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Rep. Ryan On Occupy Protests, Income Inequality


This is MORNING EDITION from NPR News. I'm Ari Shapiro. Renee Montagne is away and Steve Inskeep is at member station KQED.

Cities across the country are grappling with how to handle their local Occupy protests. When we asked House Budget Committee Chairman Paul Ryan what he thinks of the movement, he had this to say.

REPRESENTATIVE PAUL RYAN: Well, as long as nobody gets hurt and nobody destroys private property or public property, it is perfectly fine and democratic for people to express their views.

SHAPIRO: One theme of the Occupy Movement is income inequality. It was also the subject of a recent report by the Congressional Budget Office, which found that the richest one percent of Americans more than doubled their share of income in the last three decades.

We asked Republican Congressman Ryan why that wealth is not translating into new jobs.

RYAN: I've toured over 200 businesses in my congressional district, asking this very question. And I get the same answer these days, uncertainty on taxes, uncertainty on regulations, uncertainty on debt. And therefore, borrowing costs, interest rates, things like that. There is so much government-produced uncertainty that it is putting a massive chilling effect on growth. I think that's something we can fix.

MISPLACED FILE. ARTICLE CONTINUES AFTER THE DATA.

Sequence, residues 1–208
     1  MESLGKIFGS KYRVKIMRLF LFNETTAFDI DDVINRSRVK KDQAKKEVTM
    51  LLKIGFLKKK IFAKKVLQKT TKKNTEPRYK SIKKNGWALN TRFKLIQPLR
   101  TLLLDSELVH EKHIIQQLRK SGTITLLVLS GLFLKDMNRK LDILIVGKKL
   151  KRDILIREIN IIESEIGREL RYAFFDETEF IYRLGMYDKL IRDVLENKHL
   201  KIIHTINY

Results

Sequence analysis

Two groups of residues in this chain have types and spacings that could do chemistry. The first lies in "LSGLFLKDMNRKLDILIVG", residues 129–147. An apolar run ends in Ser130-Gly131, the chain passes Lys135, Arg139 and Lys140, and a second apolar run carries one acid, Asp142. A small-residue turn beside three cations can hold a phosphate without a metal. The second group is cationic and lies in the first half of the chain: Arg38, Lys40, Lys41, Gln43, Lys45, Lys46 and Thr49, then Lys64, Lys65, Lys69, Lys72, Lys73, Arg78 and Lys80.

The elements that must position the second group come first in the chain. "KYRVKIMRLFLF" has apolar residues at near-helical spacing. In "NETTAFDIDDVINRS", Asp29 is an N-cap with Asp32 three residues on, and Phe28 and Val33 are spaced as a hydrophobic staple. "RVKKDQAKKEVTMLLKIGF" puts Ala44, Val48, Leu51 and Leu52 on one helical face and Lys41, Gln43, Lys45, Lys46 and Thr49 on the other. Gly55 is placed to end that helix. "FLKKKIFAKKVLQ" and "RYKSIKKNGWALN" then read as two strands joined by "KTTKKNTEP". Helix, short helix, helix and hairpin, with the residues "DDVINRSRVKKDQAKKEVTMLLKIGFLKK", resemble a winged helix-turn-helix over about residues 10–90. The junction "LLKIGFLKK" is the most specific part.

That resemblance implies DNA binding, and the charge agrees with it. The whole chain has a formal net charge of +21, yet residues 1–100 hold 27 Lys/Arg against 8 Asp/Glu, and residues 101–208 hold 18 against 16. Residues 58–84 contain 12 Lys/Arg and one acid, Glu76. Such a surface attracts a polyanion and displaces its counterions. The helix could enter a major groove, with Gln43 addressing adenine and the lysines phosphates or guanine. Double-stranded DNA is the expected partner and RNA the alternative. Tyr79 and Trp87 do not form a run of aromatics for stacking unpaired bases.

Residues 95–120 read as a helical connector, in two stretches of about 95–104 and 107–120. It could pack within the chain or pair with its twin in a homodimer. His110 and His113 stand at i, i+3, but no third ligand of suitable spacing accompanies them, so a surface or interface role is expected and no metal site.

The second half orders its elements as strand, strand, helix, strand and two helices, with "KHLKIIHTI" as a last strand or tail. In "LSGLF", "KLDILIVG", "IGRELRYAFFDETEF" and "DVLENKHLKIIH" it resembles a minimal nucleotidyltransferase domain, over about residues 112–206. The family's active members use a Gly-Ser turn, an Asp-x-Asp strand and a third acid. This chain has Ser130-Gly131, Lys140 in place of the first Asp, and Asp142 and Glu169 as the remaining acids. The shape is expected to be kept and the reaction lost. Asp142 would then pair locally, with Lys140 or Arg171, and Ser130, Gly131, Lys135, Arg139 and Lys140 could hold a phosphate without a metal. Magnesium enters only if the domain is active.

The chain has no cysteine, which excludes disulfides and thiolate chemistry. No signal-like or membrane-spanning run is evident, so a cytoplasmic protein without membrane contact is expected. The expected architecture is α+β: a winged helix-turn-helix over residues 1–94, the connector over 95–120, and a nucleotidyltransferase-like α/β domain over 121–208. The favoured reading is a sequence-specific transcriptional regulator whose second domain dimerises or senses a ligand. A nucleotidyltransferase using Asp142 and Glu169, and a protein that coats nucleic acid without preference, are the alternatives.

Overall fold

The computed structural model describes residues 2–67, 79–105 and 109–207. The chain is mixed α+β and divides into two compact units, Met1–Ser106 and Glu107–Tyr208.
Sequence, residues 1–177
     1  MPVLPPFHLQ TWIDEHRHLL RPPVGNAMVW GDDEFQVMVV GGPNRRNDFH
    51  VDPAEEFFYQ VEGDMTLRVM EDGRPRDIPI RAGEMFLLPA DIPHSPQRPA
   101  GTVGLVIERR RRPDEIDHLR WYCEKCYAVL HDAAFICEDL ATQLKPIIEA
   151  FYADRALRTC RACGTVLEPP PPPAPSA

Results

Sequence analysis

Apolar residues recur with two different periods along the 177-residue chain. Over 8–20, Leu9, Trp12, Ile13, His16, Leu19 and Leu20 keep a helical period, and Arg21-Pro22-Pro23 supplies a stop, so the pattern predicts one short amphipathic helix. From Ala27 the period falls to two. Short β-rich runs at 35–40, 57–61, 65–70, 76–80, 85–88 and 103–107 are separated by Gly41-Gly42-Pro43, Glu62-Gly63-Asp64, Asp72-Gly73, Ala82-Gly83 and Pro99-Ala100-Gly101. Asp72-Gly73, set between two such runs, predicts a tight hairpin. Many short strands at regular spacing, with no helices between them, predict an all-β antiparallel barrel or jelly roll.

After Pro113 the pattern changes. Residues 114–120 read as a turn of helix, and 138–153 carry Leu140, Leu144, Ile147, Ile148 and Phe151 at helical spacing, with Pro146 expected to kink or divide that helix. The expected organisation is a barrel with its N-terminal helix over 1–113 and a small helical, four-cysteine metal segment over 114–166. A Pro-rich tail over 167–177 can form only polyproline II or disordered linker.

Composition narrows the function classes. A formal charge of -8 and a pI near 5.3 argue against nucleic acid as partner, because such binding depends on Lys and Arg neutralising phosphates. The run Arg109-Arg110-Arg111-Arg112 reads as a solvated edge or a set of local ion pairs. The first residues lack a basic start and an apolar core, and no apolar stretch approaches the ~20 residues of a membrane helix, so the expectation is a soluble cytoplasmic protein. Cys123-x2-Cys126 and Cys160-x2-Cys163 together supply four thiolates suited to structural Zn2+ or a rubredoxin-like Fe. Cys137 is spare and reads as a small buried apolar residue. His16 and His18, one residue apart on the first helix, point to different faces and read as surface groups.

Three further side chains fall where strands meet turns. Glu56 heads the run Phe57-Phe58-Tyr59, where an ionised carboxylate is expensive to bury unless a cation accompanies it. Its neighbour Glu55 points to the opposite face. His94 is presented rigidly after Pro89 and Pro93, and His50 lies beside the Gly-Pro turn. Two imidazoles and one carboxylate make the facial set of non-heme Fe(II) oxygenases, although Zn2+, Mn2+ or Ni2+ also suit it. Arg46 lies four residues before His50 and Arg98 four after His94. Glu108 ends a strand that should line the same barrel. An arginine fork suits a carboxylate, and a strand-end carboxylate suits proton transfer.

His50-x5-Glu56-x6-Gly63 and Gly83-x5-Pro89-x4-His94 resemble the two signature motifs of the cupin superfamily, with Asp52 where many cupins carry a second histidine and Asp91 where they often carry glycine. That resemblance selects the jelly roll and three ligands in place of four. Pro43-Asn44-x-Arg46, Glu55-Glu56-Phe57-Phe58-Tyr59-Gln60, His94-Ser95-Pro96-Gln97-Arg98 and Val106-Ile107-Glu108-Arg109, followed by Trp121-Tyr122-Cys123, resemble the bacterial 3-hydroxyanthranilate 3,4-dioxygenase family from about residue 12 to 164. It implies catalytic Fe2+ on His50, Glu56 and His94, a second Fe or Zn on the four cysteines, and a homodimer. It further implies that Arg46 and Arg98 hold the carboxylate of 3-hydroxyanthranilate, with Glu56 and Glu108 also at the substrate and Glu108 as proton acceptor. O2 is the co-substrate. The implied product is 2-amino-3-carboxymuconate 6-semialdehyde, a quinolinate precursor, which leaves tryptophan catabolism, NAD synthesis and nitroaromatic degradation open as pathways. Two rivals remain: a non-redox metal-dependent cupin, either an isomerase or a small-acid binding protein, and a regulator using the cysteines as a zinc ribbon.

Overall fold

That's something we should be focusing on, as public policy leaders, to fix one of the sources of instability, of uncertainty, of one of the depressors of economic growth. And I think that's one of the chief among them.

SHAPIRO: You mentioned regulation. Just this week, the Treasury Department said that the industries that came under the most new regulations in recent years - energy, health - in fact, showed some of the highest earnings. According to the Treasury Department, they say this growth is inconsistent with a corporate sector that's held back by regulation. Explain why you disagree.

RYAN: Well, that's just not what I hear from my job creators in Wisconsin. Over 4200 regulations are coming out of the federal government this year. Over 3500 came out of the federal government last year. So, to me, businesses need to have some degree of certainty if they're going to plan and take a risk. We want to encourage risk-taking.

We want to encourage people to take their capital and put it to work, not put it in the bank, not put it in a bond. Put it in a factory. Put it in a business plan that increases employment.

SHAPIRO: Explain how cutting taxes for these companies that are making the kinds of profits they were making before the recession, will spur them to hire more people when they've got the money, right now, they're just doing the hiring.

RYAN: So I'm not suggesting we should cut taxes. I'm saying we should reform the tax system. Our proposal that we passed in the House budget in April, said get rid of the loopholes, lower everybody's tax rates because we'll have more growth, more tax compliance, and better competitive tax system.

SHAPIRO: You've said that you are a flat tax kind of guy. Are their deductions that you would keep? Or would you get rid of all deductions across the board?

RYAN: On the corporation's side, I would probably get rid of just about every one of them, and just have a clean system on the corporation side. I think expensing for plant equipment for manufacturers is the one thing that I think - it merits support.

SHAPIRO: What about on the individual side?